Remembrance Day 2

There is a wide swath of war graves at the Burnsland Cemetery in Calgary and every Remembrance Day, while the big ceremonies are held at the Military Museums and the cenotaph in Memorial Park, a very small contingent of reservists, a reedy piper, David Bercuson as an honorary Colonel in the Canadian Forces and a padre hold an 11 o'clock service. 

Heavy equipment grinding up rocks, or salt, or whatever it is they do in the City gravel pit next to the military cemetery is the audio backdrop, and in past years it has been interrupted by loudspeakers from the car lots on MacLeod Trail broadcasting 'Ron, line 2".  The field of headstones and graves has no flowers, just bleached grass and trees along the roadways.

Call me an aesthete, but I find this overly utilitarian and bleak. When I watch at this time of year all the services and ceremonies from Europe and the shots of the Commonwealth War Graves throughout the Netherlands and northern France with each grave lovingly tended by the children of the village, or the adjacent city, planted with flowers so tender, so beautiful, the dear old vets in tears in front of one of the standard issue grey granite headstones in a garden, my heart aches for the paucity of our attention to the gravestones we have here.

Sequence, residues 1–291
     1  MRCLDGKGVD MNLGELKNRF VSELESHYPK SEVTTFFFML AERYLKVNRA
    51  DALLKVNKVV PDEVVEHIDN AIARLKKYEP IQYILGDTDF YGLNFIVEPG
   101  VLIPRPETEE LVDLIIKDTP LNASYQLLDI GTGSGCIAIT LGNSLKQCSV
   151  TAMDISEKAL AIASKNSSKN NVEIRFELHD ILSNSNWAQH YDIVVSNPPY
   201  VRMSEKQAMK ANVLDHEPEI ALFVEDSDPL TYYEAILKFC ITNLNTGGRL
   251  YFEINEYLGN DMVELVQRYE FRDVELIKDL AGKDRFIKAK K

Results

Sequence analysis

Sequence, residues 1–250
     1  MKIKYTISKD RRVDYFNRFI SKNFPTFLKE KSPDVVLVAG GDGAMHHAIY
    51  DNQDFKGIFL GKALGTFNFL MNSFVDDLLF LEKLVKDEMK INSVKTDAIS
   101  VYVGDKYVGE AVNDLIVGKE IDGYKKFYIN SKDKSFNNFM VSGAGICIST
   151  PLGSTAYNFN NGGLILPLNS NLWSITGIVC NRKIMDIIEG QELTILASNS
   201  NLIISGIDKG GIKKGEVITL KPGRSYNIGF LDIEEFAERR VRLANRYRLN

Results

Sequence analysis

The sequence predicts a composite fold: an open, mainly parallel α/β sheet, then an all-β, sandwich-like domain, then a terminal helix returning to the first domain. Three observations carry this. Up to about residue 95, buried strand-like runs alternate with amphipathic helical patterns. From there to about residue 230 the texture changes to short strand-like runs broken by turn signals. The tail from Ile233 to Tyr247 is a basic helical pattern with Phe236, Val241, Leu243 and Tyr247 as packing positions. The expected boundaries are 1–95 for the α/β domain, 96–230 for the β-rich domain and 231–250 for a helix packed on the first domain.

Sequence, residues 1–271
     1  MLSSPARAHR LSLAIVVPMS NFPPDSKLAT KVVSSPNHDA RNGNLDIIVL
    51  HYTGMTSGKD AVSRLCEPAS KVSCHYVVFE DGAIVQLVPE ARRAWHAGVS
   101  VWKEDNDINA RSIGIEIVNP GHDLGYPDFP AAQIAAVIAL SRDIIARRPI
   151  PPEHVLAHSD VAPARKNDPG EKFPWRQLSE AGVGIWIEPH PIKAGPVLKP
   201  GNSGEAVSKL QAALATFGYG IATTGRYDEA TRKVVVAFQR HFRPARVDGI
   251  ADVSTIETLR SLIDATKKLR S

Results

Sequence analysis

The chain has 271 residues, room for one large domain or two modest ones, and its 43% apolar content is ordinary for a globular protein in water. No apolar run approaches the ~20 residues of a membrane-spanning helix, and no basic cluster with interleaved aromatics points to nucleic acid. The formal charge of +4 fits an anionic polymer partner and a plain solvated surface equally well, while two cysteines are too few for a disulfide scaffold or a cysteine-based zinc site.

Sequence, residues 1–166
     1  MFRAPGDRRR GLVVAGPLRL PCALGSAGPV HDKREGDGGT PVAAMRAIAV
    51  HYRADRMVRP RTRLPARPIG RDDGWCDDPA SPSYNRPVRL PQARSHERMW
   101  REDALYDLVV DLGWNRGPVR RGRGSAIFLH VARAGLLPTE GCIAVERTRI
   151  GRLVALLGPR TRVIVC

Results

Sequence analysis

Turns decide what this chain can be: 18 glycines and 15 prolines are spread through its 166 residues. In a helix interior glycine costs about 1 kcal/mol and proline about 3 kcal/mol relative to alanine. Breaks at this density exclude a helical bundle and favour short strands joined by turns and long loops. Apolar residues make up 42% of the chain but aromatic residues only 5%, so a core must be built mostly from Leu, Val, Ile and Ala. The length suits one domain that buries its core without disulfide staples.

They are all men, on the Calgary stones.  During WWII we had Currie Barracks, Sarcee, Lincoln Fields; Calgary was a base in the Commonwealth Air Training Program, and so many of these very young men – just nineteen, or twenty, from Canada, Britain, Australia, New Zealand, South Africa, Poland – died in training accidents.  Does it matter if you crash on an Alberta field or in Sicily?  It was war, and you were dead.

I approached the City of Calgary a couple of years ago to propose that we set up a programme whereby grade school classes adopt a military grave and, besides researching the fellow in it, make it beautiful.  Interest was less than zero, it was actually hostile. The rules for civic cemeteries are clear: no planting allowed.  This has something to do with ease of mowing I understand.  This is beyond embarassing, this is an insult, and I feel I must apologise to all the young men who died in Calgary in both world wars for this. 

Stephanie Whitewar